“Allemande left and do-si-do!” Does this phrase make you want to dance? Does it recall vague memories from high school gym class? Or is it a mysterious mumble of mishmash? If you don’t know the meaning of these words, you’re missing out on a world of fun.
Square dancing was once recognized as the national folk dance of the entire US, and 31 states still declare it to be their official dance. This lively social activity requires four couples (to form a square), some old-time music (like a jig or a reel) and a caller (to give commands like those mentioned above). Besides being fun and easy-to-learn, square dancing has many benefits for physical and mental health.
The number of square dancers is dwindling, however, as its members tend to be middle-aged and older. It’s actually suitable for all ages, and is a perfectly wholesome family outing. Let’s see if we can inspire some curiosity and interest among the younger generations to keep this American tradition alive and swinging.
How did square dancing start?
Square dancing emerged from a combination of folk dances brought over from Europe; including the French quadrille, the English morris dance, and English country dances.
The quadrille was an elegant dance popular in Paris. It featured four couples performing prescribed, regular movements within the square. This fashionable dance required fine dress and highly refined etiquette. The music was often a medley of opera melodies.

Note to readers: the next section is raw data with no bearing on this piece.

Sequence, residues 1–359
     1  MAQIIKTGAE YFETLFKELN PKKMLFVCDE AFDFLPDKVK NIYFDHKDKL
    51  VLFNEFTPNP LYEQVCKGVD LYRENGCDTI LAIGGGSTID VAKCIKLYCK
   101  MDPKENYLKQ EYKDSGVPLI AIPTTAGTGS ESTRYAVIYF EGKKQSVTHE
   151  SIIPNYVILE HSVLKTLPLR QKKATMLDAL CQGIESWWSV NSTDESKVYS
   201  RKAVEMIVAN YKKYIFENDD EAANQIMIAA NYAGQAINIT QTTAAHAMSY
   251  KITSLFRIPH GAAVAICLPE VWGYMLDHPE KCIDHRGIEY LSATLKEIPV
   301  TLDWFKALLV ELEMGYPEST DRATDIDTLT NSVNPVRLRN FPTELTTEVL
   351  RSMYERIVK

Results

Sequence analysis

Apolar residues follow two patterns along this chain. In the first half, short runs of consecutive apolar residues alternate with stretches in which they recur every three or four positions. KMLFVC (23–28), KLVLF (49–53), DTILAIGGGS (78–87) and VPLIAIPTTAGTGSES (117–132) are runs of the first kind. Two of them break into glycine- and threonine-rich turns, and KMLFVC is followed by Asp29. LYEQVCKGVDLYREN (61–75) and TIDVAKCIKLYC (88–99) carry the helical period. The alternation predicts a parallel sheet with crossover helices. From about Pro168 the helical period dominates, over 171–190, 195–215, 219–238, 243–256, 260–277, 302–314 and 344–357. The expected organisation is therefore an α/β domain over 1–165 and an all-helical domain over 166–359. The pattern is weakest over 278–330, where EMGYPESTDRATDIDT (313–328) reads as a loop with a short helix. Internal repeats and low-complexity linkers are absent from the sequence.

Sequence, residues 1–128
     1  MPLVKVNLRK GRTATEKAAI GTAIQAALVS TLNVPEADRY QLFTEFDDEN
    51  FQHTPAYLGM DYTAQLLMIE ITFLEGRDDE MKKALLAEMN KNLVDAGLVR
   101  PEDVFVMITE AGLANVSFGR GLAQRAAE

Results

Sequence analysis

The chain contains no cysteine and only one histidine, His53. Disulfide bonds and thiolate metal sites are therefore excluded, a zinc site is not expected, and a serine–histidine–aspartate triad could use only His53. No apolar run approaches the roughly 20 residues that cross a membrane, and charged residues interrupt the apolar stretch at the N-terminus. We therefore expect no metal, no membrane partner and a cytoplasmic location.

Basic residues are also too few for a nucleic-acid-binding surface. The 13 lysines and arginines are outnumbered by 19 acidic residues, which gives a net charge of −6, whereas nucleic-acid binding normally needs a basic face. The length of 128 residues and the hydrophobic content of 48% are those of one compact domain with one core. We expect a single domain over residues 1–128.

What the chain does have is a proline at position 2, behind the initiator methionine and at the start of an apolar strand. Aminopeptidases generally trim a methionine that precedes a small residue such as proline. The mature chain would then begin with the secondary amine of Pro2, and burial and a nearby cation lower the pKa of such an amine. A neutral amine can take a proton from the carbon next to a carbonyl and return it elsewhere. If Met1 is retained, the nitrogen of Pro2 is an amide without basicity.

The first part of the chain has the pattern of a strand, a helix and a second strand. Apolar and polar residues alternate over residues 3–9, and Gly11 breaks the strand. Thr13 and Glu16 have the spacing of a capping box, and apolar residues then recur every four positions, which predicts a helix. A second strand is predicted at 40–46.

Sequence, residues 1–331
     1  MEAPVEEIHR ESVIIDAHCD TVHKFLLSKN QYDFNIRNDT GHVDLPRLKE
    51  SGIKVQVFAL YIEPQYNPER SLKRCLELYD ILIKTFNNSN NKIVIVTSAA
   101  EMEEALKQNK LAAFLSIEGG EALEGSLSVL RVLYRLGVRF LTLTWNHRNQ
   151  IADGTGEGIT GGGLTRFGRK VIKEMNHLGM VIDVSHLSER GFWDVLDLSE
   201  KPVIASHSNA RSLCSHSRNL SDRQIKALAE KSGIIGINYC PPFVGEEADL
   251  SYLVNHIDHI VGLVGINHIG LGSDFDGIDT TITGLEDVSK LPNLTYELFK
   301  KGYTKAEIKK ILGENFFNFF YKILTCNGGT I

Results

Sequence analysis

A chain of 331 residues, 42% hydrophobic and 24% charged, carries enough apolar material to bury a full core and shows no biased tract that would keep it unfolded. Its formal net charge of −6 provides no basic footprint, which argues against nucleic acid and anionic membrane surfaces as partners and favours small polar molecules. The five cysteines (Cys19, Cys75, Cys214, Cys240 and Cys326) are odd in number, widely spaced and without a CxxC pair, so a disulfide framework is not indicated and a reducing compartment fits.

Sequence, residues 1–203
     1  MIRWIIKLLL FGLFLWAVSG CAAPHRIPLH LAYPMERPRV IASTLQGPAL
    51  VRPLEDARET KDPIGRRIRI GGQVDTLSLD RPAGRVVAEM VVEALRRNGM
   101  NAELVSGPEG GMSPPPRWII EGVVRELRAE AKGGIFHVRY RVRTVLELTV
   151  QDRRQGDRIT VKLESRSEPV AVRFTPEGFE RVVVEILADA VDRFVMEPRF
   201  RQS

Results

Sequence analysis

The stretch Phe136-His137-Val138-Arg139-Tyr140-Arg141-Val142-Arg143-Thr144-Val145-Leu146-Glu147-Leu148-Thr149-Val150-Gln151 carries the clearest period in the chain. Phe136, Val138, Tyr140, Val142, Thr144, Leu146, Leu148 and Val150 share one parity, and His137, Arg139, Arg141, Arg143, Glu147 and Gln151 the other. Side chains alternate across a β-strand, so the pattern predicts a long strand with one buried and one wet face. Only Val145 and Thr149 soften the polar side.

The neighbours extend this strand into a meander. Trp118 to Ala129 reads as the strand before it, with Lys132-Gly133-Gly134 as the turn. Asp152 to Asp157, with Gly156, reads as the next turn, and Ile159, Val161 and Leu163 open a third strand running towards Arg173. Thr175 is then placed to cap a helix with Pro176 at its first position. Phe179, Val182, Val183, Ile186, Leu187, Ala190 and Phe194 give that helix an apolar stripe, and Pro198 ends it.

The morris is a lively dance with more intricate stepwork. White hankies, sticks and bells are often part of the attire, purportedly to ward off evil spirits. The male and female dancers have separate groups.
Morris dancing is still alive today thanks to folklorist Cecil Sharp, who set out to record the dances, music, and recollections from surviving members. His work sparked a new interest in the otherwise declining tradition.
Many English country dances were recorded in John Playford’s 1651 book, The English Dancing Master. The original volume featured the instruction for 104 dances, along with their music, set to the fiddle. Subsequent versions of the book included hundreds of additional dances. Many of the moves found in this book are featured in North American square dance.
Square dancing evolved during the pre-Civil War period, and slaves were often employed as musicians for the dance. While today’s musicians are either paid or volunteers, we owe the unique characteristic of “calling” to African Americans of the time, who began announcing the steps and formations to help organize the dance floor.
Without the pomp of the quadrille, or the bells and sticks of the morris, square dancing became a common social activity that anyone could enjoy. After World War II, Educator Lloyd Shaw integrated the dance into high school physical education programs across the country. Square dancing remained popular throughout the 20th century, and was named the national dance of the US in 1982.
By the 21st century, however, the number of square dancers was on a sharp decline. Many schools dropped it from their curriculums due to lack of interest among the younger generations. Indeed, it’s hard to compete with a hand-held device that captivates you with stimulating media of all sorts, all day long; but let’s see what square dancing has to offer.